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Physical Chemistry

Salty Seas Left Imprint on Mars

Rover finds chemical and other evidence for ancient body of water

by Elizabeth K. Wilson
March 29, 2004 | A version of this story appeared in Volume 82, Issue 13

This view of the lower portion of the martian rock called Last Chance shows textural evidence that sediments were deposited in flowing water.
This view of the lower portion of the martian rock called Last Chance shows textural evidence that sediments were deposited in flowing water.

The Mars Rover Opportunity is apparently sitting on the shore of what was once an ancient briny sea, a body of water that could have been habitable, elated scientists announced last week at a press conference.

The discovery comes on top of the report three weeks ago that rocks examined by Opportunity contain sulfate salts formed in the presence of water. At the time, the scientists couldn’t say whether that water was merely an upwelling of groundwater or an ocean on the surface.

But now, they have strong evidence that there was liquid above ground. “This is the difference between water you draw up from a well and water you can swim in,” Steven W. Squyres, astronomy professor at Cornell University and head of the rover science team, told reporters at the National Aeronautics & Space Administration’s headquarters in Washington, D.C.

The finding, which rover scientists held off releasing until they had obtained outside peer review, is a remarkable confirmation of long-held beliefs that Mars has a wet history. And where there was water, there could have been life, a possibility to be explored by future Mars missions, said James B. Garvin, lead scientist for Mars and the moon at NASA headquarters.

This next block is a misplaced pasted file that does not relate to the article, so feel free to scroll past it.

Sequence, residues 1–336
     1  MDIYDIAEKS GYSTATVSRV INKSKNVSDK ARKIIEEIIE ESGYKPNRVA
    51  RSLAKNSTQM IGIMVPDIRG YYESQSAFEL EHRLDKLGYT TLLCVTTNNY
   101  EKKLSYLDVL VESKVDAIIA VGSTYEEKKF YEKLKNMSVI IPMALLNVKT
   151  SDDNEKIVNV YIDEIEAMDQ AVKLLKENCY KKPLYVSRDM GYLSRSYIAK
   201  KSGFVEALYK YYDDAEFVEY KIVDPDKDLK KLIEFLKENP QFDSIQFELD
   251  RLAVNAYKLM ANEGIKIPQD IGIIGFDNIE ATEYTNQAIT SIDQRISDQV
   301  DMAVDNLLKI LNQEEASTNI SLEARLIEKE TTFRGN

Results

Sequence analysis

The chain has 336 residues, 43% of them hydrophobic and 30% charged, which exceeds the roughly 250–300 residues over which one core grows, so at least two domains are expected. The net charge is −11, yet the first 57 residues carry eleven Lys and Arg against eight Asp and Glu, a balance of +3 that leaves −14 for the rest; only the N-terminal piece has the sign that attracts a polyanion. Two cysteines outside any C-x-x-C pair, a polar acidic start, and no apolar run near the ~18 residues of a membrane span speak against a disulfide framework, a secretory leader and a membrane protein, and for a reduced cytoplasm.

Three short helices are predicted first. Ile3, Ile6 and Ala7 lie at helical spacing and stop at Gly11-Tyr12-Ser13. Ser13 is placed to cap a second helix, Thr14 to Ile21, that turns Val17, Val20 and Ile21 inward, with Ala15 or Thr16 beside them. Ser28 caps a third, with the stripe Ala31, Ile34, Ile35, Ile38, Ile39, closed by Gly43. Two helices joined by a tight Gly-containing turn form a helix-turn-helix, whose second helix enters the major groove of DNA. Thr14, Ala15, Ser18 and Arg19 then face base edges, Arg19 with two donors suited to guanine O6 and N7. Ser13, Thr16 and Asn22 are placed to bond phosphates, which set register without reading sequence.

“This is as good as it gets,” Garvin said. “Four years ago, I never would have believed we’d be sitting here talking about water laying [down sediments] on Mars. It’s really the stuff of dreams.”

The team focused on two lines of evidence from an exposed outcropping of rocks in a tiny crater inside which Opportunity fortuitously landed. First, Squyres said, Opportunity detected varying amounts of bromine in the rocks, which is characteristic of rocks on Earth formed by evaporating seawater.

But the clincher was their study of stratigraphic features known as “cross-bedding” in the rocks. These are ripples formed when mineral grains migrate under the influence of flowing water, producing layering at an angle to the surface, said John P. Grotzinger, rover geologist and geology professor at Massachusetts Institute of Technology. “Ripples that formed in wind look different than ripples formed in water,” he said.

The scientists said they don’t yet have any idea how big the body of water was, or at what period in martian history it existed.

Opportunity’s next explorations may help answer those questions. The rover has now rolled up and out of its crater, onto the flat Meridiani Planum, and will move toward another crater with a thicker outcropping.

The rover will also be able to further examine so-called blueberries, spherules in the surrounding rock that scientists recently discovered are composed of hematite. The berries also are littered across the flat surface of Meridiani Planum, so the rover team would like to see if they have the same origin as the embedded ones.
Meanwhile, Spirit is halfway around the planet in the rocky Gusev Crater, examining a rock named Mazatzal.

NASA already has plans for future Mars missions: The Mars Science Laboratory, which will be equipped with a new generation of analytical instruments, is planned for a 2009 launch. The ultimate goal, however, is a sample return mission, which will allow scientists to examine martian rocks for biomarkers and fossils of microscopic organisms.

And at least for now, they’re setting their sights on Meridiani Planum, with its saltwater past, said Edward J. Weiler, NASA’s associate administrator for space science. “If you’re searching for fossils on Mars, this is the first place you’d want to go.”


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